Be Your Own Pet : Mommy

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Be Your Own Pet Mommy review

It is said that the candle that burns twice as brightly lasts half as long, and for four short years between 2004 and 2008, Be Your Own Pet were burning with a truly stellar intensity. Their self-titled 2006 debut is—simply put—one of the greatest punk albums ever written, a blistering half-hour of filthy, fuzzy chaos that mirrored the frenetic disorder of the band’s lives offstage, dominated by constant touring and relentless partying. Shortly after, in 2008, the band—whose members were all still teenagers at the time of their debut release—announced their break up, citing burnout as well as the reams of misogyny directed toward vocalist Jemina Pearl.

Fifteen years later, and Be Your Own Pet make a triumphant return. But Pearl is double the age she was at the time of her first record, and things seem to have changed a bit. “I can’t be that way no more, I’ve got two kids and a mortgage. What the fuck?” she cries on the second track, “Goodtime!” This the first appearance of a theme that recurs throughout the rest of the album; can Be Your Own Pet—a band whose image was defined by boundless energy and reckless abandon—remain, well, Be Your Own Pet, without trying to be something they’re not? Much of the record is focused on exploring this conflict between the Then and the Now, with even the album name—Mommy—being a kind of play on words. After all, these days, Pearl is, literally, a mother, a grown-up adult shouldering grown-up responsibilities. But, given the not-so-PG subject matter of opening track “Worship the Whip,” and Pearl’s sartorial choices for the album cover, it’s clear that Mommy can also be interpreted in a rather different way—which alludes to that decadent party lifestyle, and that might provide quite some vindication for a certain Dr. Freud (not to mention a whole host of horny TikTokers).

So, yes, there is a substantial serving of classically wild Be Your Own Pet on this record—“Pleasure Seeker,” for example, with its monstrously cool riff that crashes down throughout, or “Hand Grenade,” where a firm, tense, terrifying beat accompanies Pearl’s powerful retaliation against the sexism that marred the first portion of her career. But it’s also true that the frenzied teenage mania that used to drive these tunes has largely mellowed out into a more relaxed, controlled, suave sound that gives the impression of a band who have taken a moment (indeed, a decade-and-a-half-long moment) to pause for breath. The melancholic yet headstrong “Drive” exemplifies this style, with its smooth, meandering bassline and enchantingly mournful chorus creating a song that feels deeply evocative, but also grounded and perfectly self-assured.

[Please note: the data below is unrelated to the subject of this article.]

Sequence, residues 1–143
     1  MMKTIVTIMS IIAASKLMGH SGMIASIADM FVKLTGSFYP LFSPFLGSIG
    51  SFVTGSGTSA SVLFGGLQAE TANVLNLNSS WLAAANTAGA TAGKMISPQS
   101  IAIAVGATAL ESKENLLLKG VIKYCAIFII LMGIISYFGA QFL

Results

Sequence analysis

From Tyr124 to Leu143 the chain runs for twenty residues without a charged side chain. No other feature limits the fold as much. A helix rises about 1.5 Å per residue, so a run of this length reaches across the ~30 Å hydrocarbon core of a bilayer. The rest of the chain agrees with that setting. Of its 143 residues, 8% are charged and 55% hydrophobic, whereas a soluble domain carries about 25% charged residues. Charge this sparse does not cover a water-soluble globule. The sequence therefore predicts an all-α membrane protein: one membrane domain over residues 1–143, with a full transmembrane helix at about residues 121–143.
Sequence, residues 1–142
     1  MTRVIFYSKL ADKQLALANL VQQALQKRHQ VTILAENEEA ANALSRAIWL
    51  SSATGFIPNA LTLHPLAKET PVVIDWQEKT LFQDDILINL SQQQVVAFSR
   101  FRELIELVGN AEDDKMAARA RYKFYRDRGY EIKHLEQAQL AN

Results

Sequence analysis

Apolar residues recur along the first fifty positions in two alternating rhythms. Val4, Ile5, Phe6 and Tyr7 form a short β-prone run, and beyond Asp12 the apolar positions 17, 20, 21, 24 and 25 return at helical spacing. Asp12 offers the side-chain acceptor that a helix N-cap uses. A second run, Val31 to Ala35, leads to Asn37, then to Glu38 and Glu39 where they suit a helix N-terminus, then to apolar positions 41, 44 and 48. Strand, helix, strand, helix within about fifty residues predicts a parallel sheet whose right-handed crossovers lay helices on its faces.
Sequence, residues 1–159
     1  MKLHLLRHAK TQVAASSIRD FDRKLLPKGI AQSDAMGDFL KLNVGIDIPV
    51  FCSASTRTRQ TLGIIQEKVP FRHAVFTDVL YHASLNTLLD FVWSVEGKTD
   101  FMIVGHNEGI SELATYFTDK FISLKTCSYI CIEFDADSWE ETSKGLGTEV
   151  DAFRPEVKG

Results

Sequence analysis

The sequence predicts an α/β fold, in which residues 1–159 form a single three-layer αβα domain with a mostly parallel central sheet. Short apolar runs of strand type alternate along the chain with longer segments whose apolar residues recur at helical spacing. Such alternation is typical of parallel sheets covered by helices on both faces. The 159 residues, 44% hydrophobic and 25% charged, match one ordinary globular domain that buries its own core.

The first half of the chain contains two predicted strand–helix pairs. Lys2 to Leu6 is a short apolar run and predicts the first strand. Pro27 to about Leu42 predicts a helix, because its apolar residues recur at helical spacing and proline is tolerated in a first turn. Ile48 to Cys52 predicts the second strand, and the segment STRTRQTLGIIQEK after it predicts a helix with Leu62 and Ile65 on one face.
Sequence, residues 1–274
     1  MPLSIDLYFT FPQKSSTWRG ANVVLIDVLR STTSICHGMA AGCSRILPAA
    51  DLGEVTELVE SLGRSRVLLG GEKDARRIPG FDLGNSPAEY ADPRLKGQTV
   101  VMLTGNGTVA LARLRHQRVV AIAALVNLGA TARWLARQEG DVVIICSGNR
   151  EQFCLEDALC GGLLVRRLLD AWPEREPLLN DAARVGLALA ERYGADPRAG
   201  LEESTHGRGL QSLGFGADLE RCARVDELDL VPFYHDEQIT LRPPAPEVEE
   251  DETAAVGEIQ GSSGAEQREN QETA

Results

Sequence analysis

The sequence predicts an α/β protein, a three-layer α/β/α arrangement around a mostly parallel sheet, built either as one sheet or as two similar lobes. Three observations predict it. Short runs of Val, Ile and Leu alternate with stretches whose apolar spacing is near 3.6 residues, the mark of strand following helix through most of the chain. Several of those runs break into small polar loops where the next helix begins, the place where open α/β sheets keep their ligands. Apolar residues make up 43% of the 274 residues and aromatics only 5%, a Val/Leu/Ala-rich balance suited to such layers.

While there are plenty of standout riffs and hooks across Mommy, it’s not wholly consistent, and the end product is an album whose themes and backstory are ultimately more compelling than any one individual track. Which would fit a nice, neat narrative if the band wrote a record about how reformed adult life is so much more fulfilling than a youth spent partying hard. It also wouldn’t have been as interesting, or, indeed, true; “don’t wanna be the same person each day,” Pearl sings on “Drive,” and the listener is left to ponder whether stability really is all it’s cracked up to be. The benefit of a retrospective viewpoint, though, is that you can pick out and celebrate the good bits while launching a fearsome attack on those more negative aspects, which Be Your Own Pet do to incredible effect with tracks like “Never Again” and the aforementioned “Hand Grenade.” Mommy, then, takes a mature look at both the past and the present, and delivers a series of complex emotional portraits with a cunning mixture of sincerity and style.

Label: Third Man

Year: 2023

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